Pay Now, Save Later on the F-35?

Pay Now, Save Later on the F-35?


Lockheed Martin, the lead contractor on the F-35 Joint Strike Fighter program, wants the Pentagon to sign longer contracts for more planes as part of an effort to reduce the per-unit price of the world’s most expensive weapons system. The idea is to move toward full production more quickly, so the program can start benefit from economies of scale sooner, according to a report in The Wall Street Journal. Lockheed Martin is expected to present its proposal to the Defense Department later this month.

The price of the F-35 continues to be a sticking point as the Pentagon and Lockheed Martin negotiate the contract for the next batch of fighter jets. The price has fallen steadily as the production process has slowly ramped up, from more than $250 million per aircraft in the first order in 2007 to roughly $95 million in the most recent order in 2016. (The prices are for the F-35A, the Air Force version that will be built in the largest numbers. The Navy and Marine versions of the plane cost millions more, though their prices are expected to drop, too.) The goal is to achieve a per-unit price of $80 million, but it’s still not clear when that milestone will be achieved.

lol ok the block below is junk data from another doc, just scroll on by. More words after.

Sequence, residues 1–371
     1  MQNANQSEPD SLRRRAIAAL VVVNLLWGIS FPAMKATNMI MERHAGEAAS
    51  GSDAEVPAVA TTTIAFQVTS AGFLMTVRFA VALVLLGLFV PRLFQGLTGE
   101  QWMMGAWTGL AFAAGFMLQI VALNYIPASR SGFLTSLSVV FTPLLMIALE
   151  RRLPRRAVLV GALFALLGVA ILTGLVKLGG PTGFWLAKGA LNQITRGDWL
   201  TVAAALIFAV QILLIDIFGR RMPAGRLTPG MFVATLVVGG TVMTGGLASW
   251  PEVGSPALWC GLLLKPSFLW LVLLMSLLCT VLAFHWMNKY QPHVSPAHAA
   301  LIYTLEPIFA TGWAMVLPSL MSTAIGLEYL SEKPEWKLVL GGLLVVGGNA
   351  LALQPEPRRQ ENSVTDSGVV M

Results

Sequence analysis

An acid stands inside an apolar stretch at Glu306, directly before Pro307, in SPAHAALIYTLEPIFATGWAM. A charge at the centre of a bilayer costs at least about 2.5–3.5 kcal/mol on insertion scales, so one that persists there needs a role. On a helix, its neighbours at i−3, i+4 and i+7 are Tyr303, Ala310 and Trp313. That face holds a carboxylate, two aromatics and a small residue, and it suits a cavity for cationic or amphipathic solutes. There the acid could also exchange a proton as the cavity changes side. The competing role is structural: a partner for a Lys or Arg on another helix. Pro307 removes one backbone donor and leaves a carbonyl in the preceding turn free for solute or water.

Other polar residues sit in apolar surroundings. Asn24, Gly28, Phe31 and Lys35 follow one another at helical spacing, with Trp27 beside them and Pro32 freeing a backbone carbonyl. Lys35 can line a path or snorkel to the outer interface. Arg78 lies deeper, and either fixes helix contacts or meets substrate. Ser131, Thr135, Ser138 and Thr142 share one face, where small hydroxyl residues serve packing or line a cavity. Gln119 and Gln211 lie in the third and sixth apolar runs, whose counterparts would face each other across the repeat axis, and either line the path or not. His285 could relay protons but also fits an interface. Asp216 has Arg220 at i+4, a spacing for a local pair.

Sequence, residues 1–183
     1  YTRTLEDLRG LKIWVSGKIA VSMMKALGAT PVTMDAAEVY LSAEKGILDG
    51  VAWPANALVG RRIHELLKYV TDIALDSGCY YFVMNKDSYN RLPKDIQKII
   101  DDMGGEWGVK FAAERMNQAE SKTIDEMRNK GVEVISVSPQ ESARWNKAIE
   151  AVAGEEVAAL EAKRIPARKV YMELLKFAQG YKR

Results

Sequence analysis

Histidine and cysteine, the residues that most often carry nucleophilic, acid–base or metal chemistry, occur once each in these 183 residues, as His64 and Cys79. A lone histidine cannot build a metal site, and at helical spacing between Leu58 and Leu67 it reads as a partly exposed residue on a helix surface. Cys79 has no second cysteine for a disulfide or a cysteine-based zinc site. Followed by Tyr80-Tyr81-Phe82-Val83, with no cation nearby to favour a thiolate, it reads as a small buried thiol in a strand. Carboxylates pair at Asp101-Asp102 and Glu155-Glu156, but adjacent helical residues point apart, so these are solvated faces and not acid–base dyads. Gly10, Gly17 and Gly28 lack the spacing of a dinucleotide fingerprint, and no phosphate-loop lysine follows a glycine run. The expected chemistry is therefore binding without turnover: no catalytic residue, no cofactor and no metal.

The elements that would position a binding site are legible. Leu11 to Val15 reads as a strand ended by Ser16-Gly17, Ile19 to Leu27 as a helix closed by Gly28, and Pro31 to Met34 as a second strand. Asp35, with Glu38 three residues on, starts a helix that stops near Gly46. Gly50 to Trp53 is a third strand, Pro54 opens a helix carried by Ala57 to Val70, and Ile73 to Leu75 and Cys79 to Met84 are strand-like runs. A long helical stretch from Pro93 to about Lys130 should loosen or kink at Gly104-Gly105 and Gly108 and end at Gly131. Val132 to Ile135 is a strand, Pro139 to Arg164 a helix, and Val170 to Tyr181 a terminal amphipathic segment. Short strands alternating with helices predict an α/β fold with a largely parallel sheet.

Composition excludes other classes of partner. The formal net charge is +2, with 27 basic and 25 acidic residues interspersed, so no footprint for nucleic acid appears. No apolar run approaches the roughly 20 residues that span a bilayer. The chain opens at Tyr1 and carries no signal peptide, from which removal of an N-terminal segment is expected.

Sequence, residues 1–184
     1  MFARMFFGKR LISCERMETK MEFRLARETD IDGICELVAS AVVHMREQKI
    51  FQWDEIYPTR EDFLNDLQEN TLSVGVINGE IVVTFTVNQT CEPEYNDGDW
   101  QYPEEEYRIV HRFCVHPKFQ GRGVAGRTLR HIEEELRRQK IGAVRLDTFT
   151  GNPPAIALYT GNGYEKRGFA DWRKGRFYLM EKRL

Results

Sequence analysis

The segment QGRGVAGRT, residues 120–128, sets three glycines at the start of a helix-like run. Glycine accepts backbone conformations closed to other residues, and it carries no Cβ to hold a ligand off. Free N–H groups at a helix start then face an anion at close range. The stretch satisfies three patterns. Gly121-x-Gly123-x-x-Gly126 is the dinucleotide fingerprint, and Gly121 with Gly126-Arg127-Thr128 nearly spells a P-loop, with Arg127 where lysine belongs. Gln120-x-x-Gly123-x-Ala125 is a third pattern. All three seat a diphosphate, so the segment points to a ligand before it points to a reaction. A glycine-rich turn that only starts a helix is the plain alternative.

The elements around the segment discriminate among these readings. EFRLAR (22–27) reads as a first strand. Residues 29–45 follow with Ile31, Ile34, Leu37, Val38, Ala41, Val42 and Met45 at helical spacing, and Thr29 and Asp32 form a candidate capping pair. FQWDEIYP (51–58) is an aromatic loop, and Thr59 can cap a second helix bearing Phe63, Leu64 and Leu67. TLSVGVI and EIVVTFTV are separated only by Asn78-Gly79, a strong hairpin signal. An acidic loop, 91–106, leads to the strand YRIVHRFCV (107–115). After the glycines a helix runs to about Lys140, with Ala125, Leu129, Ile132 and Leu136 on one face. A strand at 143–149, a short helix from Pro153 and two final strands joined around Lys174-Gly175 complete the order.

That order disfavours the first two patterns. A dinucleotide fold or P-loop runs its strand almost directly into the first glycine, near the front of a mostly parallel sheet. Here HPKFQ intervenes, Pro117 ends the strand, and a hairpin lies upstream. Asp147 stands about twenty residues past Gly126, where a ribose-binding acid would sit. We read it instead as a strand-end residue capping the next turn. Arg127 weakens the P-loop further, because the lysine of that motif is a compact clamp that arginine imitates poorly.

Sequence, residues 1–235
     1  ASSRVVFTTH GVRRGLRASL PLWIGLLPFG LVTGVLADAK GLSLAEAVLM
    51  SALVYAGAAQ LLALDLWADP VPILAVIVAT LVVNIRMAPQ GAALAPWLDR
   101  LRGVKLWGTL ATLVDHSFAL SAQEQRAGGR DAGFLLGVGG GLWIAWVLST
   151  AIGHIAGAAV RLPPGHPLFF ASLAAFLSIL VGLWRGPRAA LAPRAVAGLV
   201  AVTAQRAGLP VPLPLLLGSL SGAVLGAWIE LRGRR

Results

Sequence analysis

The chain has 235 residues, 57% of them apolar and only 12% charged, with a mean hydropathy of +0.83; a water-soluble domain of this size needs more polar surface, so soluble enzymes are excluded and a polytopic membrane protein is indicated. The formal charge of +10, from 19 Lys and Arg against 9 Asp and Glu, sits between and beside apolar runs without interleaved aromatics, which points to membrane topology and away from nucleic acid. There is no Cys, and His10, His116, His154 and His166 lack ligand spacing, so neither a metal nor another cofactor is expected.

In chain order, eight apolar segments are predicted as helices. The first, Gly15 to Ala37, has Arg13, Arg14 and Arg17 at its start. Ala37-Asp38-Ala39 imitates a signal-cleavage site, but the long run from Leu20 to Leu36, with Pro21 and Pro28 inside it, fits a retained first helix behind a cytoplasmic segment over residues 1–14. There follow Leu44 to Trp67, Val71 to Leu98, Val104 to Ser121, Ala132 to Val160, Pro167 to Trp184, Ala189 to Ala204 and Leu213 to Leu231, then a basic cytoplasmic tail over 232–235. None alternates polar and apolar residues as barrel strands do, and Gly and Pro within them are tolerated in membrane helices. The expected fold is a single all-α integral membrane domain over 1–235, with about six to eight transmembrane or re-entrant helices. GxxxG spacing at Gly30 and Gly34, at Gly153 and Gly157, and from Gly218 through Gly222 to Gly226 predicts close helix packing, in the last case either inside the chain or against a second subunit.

Critics worry, though, that it could be a big mistake to agree on a contract covering hundreds of aircraft when the program itself is still experiencing significant technical problems, ranging from buggy software to flaws in launching missiles and firing its onboard cannon, which will require billions more to identify and fix. (Just last week, the Pentagon announced that it will cost an estimated $16 billion to modernize the existing fleet of 270 F-35s.) And even if the per-unit price does come down faster, it probably won’t put much of a dent in the program’s estimated $1.5 trillion lifetime cost.